I, with my greying hair, and Z being almost a generation younger, busy entrepreneurs, her family in central Europe, mine a bit tattered and scattered, are not surrounded by the traditional extended family, which I appreciate is the new norm. There are a number of families with children of various ages in the neighborhood. We wave occasionally, passing like ships in the dark, smile and fail to connect. On a bulletin board at the library (remember libraries?) was a small notice for a local Forest School lead by Tracy, passionate and engaged with twenty years of experience with young children, a masters degree in early childhood education, an apprenticeship with Bev Bos, a new teaching diploma from the Waldorf Academy and a deep interest in the insights of Alfie Kohn. I love Alfie too. Carly will be adding to this forest experience two days a week. In today’s world, the forming of community is intentional. One touch leads to another and like dominos you are surrounded by caring like-hearted individuals to share the journey. You have to create community. It doesn’t just happen.

My limited understanding of the Forest School experience is pretty simple: no walls, multi-age children who are natural and spontaneous learners self-organize play=learning activities motivated by wonder and curiosity, are placed in enriched environments, nature and woodlands being just that. Dult organization is minimal, parents are restrained from hovering. Ideally children feel completely safe, free and unobserved. The environment is the teacher.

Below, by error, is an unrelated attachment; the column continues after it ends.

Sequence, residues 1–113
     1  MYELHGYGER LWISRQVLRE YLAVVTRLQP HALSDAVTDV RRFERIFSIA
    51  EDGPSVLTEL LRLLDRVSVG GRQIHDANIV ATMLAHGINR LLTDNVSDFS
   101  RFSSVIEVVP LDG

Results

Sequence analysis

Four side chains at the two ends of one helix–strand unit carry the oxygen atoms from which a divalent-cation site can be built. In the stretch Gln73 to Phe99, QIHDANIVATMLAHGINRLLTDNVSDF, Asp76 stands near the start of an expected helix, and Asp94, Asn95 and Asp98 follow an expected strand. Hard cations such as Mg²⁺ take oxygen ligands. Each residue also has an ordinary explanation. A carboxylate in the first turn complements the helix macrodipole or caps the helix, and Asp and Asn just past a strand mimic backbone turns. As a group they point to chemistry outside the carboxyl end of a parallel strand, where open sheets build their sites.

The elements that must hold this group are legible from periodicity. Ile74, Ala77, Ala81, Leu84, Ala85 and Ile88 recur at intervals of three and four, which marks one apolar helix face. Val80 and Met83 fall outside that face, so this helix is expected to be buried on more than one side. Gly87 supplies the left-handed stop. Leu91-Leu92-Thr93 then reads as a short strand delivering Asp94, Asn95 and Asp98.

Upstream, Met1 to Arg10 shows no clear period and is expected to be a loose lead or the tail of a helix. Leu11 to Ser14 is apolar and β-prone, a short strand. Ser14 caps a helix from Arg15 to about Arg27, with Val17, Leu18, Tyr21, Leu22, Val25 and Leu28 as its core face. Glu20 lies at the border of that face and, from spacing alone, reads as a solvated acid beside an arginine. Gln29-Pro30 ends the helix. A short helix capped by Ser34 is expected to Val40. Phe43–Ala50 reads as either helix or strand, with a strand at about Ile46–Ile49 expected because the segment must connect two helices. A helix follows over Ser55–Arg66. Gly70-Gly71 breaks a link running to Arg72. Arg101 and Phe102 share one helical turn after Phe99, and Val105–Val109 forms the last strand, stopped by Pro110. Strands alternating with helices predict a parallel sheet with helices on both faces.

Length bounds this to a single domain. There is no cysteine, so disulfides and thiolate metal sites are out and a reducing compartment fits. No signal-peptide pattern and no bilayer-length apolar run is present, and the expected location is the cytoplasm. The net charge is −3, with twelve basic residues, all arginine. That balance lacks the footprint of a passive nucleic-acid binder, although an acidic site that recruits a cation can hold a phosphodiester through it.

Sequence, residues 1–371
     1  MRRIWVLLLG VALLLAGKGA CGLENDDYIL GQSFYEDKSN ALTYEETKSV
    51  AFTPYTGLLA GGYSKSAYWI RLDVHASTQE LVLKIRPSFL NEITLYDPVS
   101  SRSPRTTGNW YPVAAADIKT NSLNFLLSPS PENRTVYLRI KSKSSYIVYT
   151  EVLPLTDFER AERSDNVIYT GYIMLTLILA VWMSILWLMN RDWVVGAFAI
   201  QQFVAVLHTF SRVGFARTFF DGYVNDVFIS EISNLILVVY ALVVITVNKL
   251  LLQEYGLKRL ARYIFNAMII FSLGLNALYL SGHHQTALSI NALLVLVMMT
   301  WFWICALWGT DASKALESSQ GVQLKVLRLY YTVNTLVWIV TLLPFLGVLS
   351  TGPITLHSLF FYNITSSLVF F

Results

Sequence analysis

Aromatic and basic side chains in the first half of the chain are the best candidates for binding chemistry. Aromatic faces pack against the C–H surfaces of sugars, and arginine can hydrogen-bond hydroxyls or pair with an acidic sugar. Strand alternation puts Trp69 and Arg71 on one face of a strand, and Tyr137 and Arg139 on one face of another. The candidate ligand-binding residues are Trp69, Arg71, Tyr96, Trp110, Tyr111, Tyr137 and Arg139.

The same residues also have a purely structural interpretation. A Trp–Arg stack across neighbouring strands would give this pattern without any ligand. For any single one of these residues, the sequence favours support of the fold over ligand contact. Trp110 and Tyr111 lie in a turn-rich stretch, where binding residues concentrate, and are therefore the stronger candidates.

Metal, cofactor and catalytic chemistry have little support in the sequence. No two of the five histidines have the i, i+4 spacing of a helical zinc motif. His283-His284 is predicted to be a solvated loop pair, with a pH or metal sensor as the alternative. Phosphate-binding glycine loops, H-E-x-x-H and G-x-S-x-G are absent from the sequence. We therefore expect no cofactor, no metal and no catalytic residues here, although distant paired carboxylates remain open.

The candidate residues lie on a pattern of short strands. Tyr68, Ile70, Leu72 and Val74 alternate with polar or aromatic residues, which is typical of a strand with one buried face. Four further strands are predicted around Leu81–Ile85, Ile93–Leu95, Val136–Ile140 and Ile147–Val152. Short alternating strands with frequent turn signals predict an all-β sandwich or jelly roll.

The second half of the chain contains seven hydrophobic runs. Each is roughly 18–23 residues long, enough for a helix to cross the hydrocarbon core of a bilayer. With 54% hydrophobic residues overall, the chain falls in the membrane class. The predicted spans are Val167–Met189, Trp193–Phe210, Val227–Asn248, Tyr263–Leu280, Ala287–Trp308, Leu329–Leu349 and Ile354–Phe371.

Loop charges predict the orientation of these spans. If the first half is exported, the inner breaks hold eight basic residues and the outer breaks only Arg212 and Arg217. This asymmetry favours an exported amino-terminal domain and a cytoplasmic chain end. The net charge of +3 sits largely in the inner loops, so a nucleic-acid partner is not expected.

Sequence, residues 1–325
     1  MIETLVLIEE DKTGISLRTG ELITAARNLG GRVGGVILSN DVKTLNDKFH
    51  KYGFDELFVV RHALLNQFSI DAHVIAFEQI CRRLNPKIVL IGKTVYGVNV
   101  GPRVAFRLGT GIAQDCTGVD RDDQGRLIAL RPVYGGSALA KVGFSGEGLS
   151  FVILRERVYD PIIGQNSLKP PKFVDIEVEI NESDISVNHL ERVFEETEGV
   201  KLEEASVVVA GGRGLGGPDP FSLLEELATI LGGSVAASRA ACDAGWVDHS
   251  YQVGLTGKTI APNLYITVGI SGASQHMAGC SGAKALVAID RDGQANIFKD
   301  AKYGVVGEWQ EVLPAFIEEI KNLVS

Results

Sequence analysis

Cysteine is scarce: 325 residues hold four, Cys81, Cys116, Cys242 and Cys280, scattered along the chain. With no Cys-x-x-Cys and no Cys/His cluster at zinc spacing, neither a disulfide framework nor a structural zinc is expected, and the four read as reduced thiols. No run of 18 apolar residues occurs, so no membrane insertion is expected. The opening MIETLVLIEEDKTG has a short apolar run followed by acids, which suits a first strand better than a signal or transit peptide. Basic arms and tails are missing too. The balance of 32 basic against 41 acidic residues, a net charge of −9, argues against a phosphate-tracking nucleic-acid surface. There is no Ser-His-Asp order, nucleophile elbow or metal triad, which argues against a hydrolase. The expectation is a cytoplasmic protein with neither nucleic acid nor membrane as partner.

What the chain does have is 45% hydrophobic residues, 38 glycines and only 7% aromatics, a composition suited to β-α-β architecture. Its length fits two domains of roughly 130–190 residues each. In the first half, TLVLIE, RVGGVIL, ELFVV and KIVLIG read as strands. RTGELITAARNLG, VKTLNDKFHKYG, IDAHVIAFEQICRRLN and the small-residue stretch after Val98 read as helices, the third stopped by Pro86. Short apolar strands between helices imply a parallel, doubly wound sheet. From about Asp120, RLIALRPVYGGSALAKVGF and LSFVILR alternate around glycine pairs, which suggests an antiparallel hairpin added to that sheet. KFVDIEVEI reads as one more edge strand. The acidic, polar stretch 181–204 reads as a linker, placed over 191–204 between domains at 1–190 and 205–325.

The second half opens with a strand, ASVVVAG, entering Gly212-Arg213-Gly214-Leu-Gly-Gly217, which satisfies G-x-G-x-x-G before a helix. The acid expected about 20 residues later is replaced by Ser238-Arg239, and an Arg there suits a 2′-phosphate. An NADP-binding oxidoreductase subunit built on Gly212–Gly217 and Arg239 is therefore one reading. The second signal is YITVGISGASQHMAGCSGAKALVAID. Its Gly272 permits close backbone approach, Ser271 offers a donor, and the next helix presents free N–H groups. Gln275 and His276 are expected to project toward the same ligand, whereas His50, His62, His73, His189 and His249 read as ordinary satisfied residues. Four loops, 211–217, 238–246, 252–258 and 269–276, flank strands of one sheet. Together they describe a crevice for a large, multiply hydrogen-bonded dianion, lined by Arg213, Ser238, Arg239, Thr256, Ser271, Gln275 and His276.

Another life changing event in Carly’s and our lives is imminent. Barbora, a twentyish Czech Au Pair will be joining our family for the next year. Now is the most explosive period of language development in Carly’s life. Z has been speaking Czech with Carly in their shared time since birth. Barbora, like a big sister, will help us play and care for Carly and she will dramatically add to Carly’s (and my) bilingual development, and we will help Barbora with her English and introduce her to life at Disneyland; life changing, indeed, for us all.